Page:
London 2012: Soccer Aerodynamics

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Corner kicks and free kicks are tough to defend in football (soccer for Americans) because the ball’s trajectory can curve in a non-intuitive fashion. Known as the Magnus effect, the fluid dynamics around a spinning ball cause this curvature in the flight path. When an object spins while moving through the fluid, it drags the air near the surface with it. On one side of the spinning ball, the motion opposes the direction of freestream airflow, causing a lower relative velocity, and on the opposite side, the spin adds to the airflow, creating a higher velocity. According to Bernoulli’s principle, this causes a lower pressure on the side of the ball spinning with the flow and a higher pressure on other side. This difference in pressure results in a force acting perpendicular to the direction of travel, causing the unexpected curvature in the football’s path. In the case of the corner kick above, the player kicks the ball from the right side, imparting an anti-clockwise spin when viewed from above. As the ball travels past the goal, air is moving faster over the side nearest the goal and slower on the opposite side. The difference in velocities, and thus pressures, creates the sideways force that drives the ball into the goal even without touching another player. The same effect is used in many other sports to complicate play and confuse opponents. In tennis and volleyball, for example, topspin is used to make the ball drop quickly after passing the net.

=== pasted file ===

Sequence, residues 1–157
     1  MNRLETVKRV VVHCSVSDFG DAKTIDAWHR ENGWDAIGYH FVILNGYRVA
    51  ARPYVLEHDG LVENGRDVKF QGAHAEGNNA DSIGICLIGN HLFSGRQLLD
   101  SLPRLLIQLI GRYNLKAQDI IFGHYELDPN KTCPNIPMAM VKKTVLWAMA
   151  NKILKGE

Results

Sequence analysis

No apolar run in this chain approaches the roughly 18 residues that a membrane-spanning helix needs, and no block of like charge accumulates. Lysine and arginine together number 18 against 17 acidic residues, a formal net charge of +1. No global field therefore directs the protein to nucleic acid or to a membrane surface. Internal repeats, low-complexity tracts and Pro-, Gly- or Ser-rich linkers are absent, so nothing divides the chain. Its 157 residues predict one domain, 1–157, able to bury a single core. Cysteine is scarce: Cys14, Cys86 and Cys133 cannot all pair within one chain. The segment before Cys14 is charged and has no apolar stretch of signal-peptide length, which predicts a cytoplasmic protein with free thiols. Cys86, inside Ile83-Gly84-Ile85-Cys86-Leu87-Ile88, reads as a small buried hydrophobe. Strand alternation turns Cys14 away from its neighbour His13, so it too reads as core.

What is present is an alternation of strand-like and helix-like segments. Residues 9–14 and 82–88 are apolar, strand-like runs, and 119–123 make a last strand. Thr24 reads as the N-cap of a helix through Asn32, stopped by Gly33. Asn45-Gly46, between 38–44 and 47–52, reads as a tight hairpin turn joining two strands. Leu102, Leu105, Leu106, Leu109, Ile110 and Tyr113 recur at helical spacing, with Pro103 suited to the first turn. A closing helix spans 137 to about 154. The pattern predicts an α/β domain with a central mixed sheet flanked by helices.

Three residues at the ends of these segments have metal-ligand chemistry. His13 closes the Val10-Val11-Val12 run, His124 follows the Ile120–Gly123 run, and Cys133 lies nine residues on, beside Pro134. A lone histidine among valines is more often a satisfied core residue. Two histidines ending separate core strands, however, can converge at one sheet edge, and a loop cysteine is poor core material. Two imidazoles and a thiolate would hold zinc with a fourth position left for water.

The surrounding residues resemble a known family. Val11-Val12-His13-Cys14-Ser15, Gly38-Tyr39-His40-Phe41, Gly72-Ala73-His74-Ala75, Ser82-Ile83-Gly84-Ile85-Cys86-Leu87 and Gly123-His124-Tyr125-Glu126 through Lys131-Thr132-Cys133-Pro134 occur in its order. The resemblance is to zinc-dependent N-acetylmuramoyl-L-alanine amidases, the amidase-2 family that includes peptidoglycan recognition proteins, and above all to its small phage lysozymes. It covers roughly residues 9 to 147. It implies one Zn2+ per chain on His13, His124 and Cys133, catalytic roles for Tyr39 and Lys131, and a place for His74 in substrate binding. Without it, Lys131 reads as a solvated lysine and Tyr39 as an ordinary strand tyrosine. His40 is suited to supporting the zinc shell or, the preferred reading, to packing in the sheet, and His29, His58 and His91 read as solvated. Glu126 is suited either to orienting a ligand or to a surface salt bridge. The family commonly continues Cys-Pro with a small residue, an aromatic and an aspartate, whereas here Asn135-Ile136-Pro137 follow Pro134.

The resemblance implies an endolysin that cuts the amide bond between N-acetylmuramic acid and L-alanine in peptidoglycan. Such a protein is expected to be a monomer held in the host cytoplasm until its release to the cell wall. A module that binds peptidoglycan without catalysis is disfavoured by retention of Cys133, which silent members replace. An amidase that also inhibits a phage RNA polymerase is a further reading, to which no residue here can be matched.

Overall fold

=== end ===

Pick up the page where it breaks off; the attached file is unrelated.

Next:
ETA: Check out this other great example of a free kick sent in by reader amphinomos.

FYFD is celebrating the Olympics by featuring the fluid dynamics of sport. Check out some of our previous posts including the flight of a javelin, how divers reduce splash, and what makes a racing hull fast.

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